Tuesday, April 15, 2008

Last day in Israel, April 12

This will be the final entry in this blog. It is about our last day in Israel which began with a visit to the Armenian Quarter of the Old City. One of the members of our group is Armenian although he was told by a man there that unless he speaks the language he is not really Armenian! Our group would have voted otherwise but be that as it may. The Armenians were active in Jerusalem centuries ago and were pioneers in printing books and literature. The picture below features our friends, the Andonians in an Armenian seminary.

Our next stop was on the way to Jericho. There is a little outpost near there where Muslims believe Moses is buried. We stopped briefly. The picture below is of a mosque there. This place today is a kind of drug rehab. center.

On the road from Jerusalem to Jericho we passed numerous bedouin villages. These people live nomadically much like they have for centuries. They are Israeli citizens, serve in the military, but live as and where they please pretty much.

Jericho is under the control of the Palestinian Authority so once again our Jewish guide was dropped off as he is not permitted to enter this region. It is to me a sad commentary about the political realities today. In Jericho we saw the famous sycamore tree that is reputed to be 2000 years old. Was this the one that Zacheus climbed up? We will never know. Here is a picture of it.

We drove through a checkpoint manned first by Israeli soldiers and then at the second point by thePalestinian Authority. The latter handed me a rose as a token of friendship I suppose. In spite of that kind gesture, we did not have a really positive feeling about being in Jericho. In addition, some of us may have picked up something in the lunch we ate there. Not a particularly good memory of this ancient city and a cause for discomfort on the long flight home later that day. The photo below shows another bus just coming through the border checkpoint. One man at the lunch stop adamantly blamed Pres. Bush for all the problems the Palestinians are having. There is nothing new under the sun. He is blamed for every problem here as well!!!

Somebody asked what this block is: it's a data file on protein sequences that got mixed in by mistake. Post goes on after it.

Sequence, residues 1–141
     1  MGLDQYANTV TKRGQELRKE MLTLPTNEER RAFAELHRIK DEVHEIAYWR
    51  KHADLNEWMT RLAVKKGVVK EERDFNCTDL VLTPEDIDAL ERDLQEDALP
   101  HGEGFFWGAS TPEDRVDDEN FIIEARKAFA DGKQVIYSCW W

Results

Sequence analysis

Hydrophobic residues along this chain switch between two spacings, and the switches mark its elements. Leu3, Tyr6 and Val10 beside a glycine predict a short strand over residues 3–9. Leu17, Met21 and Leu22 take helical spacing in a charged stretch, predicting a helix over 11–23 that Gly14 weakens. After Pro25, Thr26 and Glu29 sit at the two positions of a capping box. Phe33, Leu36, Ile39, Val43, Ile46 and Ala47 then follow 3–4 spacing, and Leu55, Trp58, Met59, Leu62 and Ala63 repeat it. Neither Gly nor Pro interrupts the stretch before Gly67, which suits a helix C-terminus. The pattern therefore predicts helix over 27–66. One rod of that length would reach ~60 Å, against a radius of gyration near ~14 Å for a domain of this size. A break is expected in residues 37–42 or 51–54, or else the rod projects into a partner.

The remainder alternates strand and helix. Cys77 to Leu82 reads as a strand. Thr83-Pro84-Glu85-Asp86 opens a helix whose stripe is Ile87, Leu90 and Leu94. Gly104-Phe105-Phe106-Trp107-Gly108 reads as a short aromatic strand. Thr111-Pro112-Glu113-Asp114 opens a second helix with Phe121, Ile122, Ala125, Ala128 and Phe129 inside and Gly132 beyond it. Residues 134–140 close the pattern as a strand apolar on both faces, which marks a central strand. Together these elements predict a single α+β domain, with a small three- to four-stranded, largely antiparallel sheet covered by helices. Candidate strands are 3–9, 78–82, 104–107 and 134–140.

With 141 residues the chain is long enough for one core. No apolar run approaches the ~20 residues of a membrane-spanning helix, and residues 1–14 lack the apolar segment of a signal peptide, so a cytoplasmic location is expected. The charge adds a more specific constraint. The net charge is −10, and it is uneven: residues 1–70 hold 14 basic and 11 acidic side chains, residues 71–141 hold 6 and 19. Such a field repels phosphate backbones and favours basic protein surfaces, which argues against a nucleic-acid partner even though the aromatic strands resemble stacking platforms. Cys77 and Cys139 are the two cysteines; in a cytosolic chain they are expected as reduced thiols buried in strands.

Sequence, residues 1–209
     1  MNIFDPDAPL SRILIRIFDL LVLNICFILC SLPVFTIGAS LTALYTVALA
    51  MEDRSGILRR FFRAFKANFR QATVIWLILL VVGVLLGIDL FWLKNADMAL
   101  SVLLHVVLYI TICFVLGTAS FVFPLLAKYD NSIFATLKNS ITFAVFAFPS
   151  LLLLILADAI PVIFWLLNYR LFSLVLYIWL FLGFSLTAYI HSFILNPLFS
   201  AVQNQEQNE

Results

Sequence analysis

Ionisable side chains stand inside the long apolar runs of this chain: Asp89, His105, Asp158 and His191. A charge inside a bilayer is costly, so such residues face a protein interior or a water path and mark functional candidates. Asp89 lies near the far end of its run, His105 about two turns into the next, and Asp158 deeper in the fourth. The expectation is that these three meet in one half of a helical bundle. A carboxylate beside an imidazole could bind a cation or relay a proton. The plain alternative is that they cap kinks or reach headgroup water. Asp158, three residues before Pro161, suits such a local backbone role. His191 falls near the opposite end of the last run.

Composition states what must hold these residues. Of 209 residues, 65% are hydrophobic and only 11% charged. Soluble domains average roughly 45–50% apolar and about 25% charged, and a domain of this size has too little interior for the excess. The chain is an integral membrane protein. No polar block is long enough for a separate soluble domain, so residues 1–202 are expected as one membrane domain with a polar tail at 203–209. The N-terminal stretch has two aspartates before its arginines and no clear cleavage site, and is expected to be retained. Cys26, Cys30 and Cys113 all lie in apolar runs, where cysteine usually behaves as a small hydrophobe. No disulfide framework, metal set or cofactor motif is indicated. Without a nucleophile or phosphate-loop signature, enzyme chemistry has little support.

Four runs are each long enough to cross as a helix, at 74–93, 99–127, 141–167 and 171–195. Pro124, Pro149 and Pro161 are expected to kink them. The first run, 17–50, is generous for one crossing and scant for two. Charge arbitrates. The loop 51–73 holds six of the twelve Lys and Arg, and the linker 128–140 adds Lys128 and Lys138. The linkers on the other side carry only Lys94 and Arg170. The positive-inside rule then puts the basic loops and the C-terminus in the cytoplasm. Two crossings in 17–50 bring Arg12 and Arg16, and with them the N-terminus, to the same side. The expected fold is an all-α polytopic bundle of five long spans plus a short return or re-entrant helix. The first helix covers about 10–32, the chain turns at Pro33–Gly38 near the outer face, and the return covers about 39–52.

We concluded our day and our tour of Israel by relaxing in our hotel in Jerusalem. The Olive Tree has a nice website for anyone wishing to see more but here is one photo taken of the inside of this very comfortable hotel. This is the room where we took most of our meals.


And so, our tour came to an end! One more reminder of what life in Israel is like is that our bus was stopped at another checkpoint at the entrance to the airport. An armed Israeli soldier boarded the bus, took a careful look at each of us, and then waved us on. Just another routine day in Israel. Saying goodbye to our wonderful guide, Salo was difficult. He told us when we arrived that we were his "family". By the time we left, he was part of our family and a great reason for the success of our tour.

Another reason for a successful tour was that each person in our group fit in well with the others. It is important to have a certain kind of chemistry and we certainly had that. Thanks to Andonians, McRae, Johnstones, Penner, Rowe, Peters, Sharpnacks and Lehmans. You were great!

Fortunately for us all, the flights both coming and going were not entirely full so we had room to spread out a little. After 11 and 1/2 hours of flying, we landed in New York. Shortly we all scattered to our various homes. Sue and I were very pleased to be able to secure a flight to San Francisco and then Redding. By 2 PM Calif. time on Sunday we were home once again.

It was a spectacular trip for everyone. Various reunions are planned and rumors abound of another tour to some exciting location somewhere in the world. Stay tuned! You never know!

1 comment:

Constance Todd said...

It's great to know that you guys had a great time. I do believe in what you said about the people being in a tour having some kind of chemistry with each other. If you wouldn't feel awkward towards anyone or feel conscious in their presence, there's a great chance that you’ll each get to enjoy every single second of the trip.

Constance Todd